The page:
Washington: Having endured what was surely a record-shattering slump last quarter, the US economy faces a dim outlook as a resurgent coronavirus intensifies doubts about any sustained recovery the rest of the year.
A huge plunge in consumer spending as people stayed home and avoided shopping, traveling or gathering in crowds as the virus raged is estimated to have sent the economy sinking at a roughly 32 per cent annual rate in the April-June quarter.
That would be more than triple the previous worst quarterly economic fall, a 10 per cent drop set in 1958. Depressed activity in such areas as business investment, home construction and government spending also likely contributed to the worst quarterly contraction on records dating to 1947.
On Thursday, the government will issue its first of three estimates of economic activity, as measured by the gross domestic product, for the April-June quarter.
So dizzying was the contraction last quarter that most analysts expect the economy to manage a sharp bounce-back in the current July-September quarter, perhaps of as much as 17% or higher on an annual basis.
Yet with the rate of confirmed coronavirus cases now rising in a majority of states, more businesses being forced to pull back on re-openings and the Republican Senate proposing to scale back the government's aid to the unemployed, the economy could worsen in the months ahead.
The Trump administration is betting against that outcome in asserting that the economy will undergo a V-shaped recovery in which last quarter's plunge would be followed by an impressive rebound in the current quarter Â a hoped-for dose of good news that would be reported in late October, not long before Election Day.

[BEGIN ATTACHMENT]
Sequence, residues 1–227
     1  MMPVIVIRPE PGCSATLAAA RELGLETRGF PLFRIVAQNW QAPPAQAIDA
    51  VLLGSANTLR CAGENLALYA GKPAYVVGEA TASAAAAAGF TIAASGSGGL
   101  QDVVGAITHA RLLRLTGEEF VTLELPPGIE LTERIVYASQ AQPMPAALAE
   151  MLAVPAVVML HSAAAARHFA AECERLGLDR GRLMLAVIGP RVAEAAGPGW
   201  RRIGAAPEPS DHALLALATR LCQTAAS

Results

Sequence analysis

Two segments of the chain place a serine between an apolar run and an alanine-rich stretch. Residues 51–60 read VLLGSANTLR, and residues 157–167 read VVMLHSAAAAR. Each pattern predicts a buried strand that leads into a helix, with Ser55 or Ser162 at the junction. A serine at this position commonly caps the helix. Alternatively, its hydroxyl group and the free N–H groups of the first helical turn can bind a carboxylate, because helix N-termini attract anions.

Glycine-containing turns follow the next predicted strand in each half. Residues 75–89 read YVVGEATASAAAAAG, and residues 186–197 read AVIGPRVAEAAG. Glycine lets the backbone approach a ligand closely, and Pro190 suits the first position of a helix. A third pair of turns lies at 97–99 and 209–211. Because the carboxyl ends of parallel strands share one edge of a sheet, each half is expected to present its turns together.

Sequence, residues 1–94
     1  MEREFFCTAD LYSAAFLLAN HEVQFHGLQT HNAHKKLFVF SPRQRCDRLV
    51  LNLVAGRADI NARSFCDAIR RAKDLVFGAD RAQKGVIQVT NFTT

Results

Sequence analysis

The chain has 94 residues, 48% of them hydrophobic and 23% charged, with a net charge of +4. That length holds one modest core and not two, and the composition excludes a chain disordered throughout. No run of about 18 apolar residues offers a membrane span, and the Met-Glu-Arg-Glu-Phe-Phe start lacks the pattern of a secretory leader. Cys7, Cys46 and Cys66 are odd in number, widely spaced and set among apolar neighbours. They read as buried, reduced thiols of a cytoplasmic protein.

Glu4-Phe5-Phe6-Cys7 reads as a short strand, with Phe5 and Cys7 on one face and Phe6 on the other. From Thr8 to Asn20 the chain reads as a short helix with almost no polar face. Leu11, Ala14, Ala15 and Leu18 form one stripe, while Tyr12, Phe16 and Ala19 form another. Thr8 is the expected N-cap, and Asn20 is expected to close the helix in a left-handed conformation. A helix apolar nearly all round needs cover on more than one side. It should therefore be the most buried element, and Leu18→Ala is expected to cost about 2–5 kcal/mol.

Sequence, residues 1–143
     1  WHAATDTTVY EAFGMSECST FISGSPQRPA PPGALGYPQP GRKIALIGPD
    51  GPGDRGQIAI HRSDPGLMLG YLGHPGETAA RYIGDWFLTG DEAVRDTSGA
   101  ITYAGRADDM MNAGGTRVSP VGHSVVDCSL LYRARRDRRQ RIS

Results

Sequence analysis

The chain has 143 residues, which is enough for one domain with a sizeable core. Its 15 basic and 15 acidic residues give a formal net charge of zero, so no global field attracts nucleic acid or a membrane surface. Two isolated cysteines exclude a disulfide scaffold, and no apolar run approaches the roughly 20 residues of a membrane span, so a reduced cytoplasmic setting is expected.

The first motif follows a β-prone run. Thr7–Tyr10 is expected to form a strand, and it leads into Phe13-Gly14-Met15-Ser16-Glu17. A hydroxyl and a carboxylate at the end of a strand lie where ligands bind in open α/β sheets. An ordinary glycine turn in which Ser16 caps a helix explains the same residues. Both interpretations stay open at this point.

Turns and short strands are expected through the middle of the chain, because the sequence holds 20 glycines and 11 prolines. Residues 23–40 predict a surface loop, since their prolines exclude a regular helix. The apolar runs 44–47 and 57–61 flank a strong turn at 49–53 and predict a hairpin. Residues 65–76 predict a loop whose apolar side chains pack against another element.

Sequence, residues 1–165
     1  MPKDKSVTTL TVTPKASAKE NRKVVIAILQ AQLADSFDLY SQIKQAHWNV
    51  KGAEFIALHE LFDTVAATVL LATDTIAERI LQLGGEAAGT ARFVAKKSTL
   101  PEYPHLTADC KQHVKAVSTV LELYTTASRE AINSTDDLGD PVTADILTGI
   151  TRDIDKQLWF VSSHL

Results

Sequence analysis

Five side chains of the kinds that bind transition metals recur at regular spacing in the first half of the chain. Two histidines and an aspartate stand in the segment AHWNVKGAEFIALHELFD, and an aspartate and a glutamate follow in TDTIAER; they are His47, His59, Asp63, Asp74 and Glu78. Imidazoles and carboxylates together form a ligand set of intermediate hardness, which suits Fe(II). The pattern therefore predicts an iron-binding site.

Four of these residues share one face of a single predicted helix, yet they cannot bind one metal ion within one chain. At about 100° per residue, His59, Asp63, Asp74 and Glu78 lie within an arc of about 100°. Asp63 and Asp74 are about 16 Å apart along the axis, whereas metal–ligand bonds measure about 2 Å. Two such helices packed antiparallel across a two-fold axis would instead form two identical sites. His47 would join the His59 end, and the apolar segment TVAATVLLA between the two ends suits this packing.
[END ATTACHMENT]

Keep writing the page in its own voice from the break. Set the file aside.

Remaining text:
Yet many economists are talking about a different letter of the alphabet. Noting that the economy can't fully recover until the pandemic is defeated or a vaccine is widely available, they envision a W-shaped scenario, in which a rebound in the current quarter would be followed by a sustained period of tepid growth or even outright recession.
ÂThe markdowns are coming because of the clear economic damage the virus is doing,Â said Mark Zandi, chief economist at Moody's Analytics, who said he believes the economy is losing jobs this month after two months of gains.
ÂWe are going in reverse here,Â Zandi said.
Analysts warn that the outlook could darken still further if Congress fails to enact enough financial aid to replace the expiring USD 600-a-week federal boost in unemployment benefits or provide sufficient help for businesses and state and local governments.
Senate Republicans released a USD 1 trillion proposal on Monday that falls far short of a USD 3 trillion measure the House has passed, leaving an enormous gap for Democrats and Republicans to bridge as some elements of Congress' earlier emergency relief programs run out.